On its own, bike looks normal size
So here's a quick review - nice engine sounded good through those pipes, gearbox smooth, brakes good, seat hard as a plank, rear suspension travel extremely limited. I was going to add that it was also extremely small, I looked like a bear riding a monkey bike, but my pal Barry put it into perspective.

Seat just about level with my knees
He said "John there's nothing wrong with the bike, its you that's ridiculously tall"

When I collected the Tiger two days later it initially felt a bit heavy and seemed a bit tall, but after a couple of minutes riding it became comfy like a pair of old slippers. Can't wait to get back on it regularly - soon as I'm fully healed 'down there'.

Monday, 1 April 2019

Magnificent creatures

I'd come to the Dominican Republic to watch whales, so first I went online and booked several trips with Whale Samana, who seemed to be a professional company run by an American marine biologist. The area to watch whales was Samana bay, which is in the North-East of the country, well away from tourist areas. An online hotel search showed a number of rough-looking places in Samana town, with one luxury resort located 8km outside town but they were offering ridiculously low rates so I booked there, I needed a car anyway. On arrival at Santo Domingo airport I collected my rent-a-wreck (and this one really was!) and drove around to Samana, a five hour journey that went OK apart from collecting a speeding ticket and roadside fine from a couple of policemen who were determined to fleece this gringo.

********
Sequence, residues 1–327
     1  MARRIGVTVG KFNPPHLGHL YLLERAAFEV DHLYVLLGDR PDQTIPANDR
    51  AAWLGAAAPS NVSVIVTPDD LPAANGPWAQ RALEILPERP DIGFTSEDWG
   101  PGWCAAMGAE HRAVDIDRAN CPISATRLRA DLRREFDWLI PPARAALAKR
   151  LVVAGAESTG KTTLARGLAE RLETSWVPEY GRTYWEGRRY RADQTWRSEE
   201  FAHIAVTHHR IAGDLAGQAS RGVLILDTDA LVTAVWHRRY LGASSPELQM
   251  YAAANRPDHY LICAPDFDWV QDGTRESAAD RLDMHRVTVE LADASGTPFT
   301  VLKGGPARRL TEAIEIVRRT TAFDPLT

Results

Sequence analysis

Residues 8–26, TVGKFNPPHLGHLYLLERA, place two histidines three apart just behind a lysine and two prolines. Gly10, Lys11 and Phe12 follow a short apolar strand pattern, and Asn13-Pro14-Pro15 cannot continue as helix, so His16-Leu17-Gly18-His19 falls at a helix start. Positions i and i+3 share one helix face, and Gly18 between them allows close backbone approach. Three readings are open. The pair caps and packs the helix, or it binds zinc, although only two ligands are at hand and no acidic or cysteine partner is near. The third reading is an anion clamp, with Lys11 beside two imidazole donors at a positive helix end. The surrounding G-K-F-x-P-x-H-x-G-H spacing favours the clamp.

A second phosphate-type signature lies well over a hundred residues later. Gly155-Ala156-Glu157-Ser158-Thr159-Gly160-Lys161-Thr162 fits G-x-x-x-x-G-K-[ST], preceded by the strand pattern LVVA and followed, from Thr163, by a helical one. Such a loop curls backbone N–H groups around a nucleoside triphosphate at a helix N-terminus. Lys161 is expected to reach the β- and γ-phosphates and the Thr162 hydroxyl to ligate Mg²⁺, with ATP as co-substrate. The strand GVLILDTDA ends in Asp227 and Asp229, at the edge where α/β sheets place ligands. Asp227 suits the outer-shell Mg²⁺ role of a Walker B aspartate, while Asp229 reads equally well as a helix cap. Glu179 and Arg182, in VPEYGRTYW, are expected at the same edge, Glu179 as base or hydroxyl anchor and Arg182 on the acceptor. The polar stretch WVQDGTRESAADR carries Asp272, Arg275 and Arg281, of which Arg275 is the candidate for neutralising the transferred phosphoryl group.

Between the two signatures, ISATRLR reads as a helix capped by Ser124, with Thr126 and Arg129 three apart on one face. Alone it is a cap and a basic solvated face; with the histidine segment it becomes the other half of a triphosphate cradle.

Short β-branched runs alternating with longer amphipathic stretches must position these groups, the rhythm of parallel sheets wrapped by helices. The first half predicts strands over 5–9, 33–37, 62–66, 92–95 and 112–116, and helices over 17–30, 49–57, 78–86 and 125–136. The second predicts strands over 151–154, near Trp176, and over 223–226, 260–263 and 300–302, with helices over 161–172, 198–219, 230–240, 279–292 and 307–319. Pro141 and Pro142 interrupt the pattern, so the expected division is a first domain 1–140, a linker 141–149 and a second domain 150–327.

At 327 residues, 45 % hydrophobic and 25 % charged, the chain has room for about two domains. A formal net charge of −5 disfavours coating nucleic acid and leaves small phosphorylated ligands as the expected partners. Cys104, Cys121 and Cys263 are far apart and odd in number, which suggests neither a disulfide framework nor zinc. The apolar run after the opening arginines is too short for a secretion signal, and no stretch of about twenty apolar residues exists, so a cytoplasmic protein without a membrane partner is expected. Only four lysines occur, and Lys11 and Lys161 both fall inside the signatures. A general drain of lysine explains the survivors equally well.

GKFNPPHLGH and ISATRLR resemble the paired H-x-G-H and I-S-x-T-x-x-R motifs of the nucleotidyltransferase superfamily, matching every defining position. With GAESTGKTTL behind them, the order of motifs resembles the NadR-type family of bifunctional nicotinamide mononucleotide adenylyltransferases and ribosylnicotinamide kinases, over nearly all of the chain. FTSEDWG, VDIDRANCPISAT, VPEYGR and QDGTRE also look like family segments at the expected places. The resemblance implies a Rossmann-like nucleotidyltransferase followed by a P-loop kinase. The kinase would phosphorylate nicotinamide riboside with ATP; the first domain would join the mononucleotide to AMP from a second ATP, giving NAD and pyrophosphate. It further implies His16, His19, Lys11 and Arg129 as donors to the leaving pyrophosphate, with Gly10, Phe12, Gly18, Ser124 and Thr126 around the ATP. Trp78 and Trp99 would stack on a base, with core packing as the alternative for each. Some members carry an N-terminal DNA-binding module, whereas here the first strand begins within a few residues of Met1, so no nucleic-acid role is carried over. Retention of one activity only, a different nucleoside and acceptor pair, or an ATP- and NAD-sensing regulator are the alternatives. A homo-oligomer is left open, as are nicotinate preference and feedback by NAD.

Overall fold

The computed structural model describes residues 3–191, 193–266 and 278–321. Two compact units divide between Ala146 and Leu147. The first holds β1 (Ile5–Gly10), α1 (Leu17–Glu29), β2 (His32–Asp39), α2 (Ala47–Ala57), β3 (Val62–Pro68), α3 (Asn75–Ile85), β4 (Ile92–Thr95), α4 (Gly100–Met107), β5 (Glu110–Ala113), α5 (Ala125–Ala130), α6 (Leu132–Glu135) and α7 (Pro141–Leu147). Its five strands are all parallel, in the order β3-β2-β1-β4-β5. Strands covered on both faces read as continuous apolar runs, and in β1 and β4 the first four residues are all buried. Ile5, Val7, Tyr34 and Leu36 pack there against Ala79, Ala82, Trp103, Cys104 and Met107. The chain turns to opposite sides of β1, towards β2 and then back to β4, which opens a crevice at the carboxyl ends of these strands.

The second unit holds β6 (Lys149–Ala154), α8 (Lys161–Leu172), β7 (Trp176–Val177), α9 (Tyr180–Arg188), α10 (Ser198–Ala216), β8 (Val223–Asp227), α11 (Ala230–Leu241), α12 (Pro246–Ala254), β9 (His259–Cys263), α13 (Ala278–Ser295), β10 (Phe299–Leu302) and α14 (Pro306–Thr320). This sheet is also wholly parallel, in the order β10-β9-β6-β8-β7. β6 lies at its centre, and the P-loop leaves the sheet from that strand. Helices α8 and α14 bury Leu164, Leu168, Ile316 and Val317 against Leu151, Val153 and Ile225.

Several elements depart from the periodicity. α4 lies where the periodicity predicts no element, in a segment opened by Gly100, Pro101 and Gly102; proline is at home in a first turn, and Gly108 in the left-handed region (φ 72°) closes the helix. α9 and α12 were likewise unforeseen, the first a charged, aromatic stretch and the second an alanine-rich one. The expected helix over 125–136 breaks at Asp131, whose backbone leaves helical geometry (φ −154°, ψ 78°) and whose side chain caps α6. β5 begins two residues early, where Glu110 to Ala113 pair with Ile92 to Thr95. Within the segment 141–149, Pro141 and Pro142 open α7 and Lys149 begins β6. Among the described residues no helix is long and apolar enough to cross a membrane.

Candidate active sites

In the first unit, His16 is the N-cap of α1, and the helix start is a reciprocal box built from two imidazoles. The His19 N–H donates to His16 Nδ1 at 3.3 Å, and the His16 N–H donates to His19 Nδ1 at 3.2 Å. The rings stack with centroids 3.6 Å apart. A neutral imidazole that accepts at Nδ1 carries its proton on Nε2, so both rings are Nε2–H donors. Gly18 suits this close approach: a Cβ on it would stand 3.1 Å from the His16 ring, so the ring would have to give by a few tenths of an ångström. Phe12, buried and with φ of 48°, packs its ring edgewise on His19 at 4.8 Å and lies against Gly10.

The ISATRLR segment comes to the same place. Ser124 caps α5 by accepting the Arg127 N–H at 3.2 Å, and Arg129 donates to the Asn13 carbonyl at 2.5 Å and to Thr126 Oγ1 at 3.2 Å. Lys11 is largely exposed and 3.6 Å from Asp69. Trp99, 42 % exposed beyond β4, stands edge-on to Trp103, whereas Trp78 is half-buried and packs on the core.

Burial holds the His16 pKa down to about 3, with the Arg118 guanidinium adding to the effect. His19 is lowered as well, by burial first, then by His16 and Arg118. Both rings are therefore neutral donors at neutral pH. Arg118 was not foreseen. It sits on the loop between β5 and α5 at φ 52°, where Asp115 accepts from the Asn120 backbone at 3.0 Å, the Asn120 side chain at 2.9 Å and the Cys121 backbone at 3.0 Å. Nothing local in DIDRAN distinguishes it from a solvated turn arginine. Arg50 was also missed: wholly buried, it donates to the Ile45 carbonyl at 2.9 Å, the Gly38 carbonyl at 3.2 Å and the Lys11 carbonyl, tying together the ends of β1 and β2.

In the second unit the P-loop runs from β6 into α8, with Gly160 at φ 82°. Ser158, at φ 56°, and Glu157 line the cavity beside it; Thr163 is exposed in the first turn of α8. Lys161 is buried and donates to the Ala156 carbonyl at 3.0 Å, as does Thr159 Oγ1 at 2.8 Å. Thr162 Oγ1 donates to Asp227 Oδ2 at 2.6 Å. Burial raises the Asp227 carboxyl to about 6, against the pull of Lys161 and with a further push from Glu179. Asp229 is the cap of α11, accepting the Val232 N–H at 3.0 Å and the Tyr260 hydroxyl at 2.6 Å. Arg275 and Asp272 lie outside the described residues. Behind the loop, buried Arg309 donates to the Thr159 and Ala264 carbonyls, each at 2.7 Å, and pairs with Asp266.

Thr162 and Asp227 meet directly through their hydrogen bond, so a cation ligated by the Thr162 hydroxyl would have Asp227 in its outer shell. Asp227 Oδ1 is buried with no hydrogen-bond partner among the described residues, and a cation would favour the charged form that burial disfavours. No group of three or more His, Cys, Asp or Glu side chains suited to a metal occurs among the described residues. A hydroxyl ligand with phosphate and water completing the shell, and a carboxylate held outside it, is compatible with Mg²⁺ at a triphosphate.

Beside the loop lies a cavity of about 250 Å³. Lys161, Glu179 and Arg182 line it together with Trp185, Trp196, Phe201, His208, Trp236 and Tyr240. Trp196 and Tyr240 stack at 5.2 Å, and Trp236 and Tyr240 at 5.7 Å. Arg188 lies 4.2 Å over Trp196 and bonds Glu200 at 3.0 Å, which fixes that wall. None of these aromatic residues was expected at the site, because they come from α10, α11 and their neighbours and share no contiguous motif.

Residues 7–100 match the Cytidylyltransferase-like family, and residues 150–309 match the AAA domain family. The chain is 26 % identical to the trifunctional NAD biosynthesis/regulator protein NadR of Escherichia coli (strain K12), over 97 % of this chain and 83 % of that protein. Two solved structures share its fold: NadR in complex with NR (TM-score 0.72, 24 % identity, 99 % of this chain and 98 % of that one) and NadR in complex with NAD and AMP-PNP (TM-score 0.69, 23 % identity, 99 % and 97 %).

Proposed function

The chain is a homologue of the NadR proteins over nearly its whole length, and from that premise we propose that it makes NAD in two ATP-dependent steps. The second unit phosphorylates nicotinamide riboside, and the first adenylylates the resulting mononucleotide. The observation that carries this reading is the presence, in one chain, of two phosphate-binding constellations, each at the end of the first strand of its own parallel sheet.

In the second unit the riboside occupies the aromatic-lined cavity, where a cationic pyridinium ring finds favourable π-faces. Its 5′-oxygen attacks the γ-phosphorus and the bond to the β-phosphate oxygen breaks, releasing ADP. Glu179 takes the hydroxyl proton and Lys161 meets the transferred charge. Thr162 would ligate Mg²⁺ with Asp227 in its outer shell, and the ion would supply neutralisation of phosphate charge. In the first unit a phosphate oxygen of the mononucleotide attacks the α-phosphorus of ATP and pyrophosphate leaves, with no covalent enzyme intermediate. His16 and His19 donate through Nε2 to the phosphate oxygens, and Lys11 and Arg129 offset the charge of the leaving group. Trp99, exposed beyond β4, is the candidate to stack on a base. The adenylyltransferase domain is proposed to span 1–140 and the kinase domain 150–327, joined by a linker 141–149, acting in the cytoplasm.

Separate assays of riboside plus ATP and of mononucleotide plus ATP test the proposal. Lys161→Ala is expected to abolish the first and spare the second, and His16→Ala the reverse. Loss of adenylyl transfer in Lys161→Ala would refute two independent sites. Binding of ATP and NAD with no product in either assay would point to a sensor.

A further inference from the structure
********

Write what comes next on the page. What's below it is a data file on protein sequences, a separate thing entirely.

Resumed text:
When I arrived at the hotel they gave me a little apartment with a balcony overlooking the bay, and as has happened so often on this trip, I seemed to be the only guest! I don't know how these places manage to keep going, especially when they were charging me less than a run-down hostel in town.